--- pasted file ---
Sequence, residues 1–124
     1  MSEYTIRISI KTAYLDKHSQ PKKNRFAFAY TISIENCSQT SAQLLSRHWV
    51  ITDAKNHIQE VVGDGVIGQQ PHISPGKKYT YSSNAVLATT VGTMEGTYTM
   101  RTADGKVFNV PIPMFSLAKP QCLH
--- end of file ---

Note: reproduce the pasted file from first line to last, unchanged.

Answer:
Sequence, residues 1–124
     1  MSEYTIRISI KTAYLDKHSQ PKKNRFAFAY TISIENCSQT SAQLLSRHWV
    51  ITDAKNHIQE VVGDGVIGQQ PHISPGKKYT YSSNAVLATT VGTMEGTYTM
   101  RTADGKVFNV PIPMFSLAKP QCLH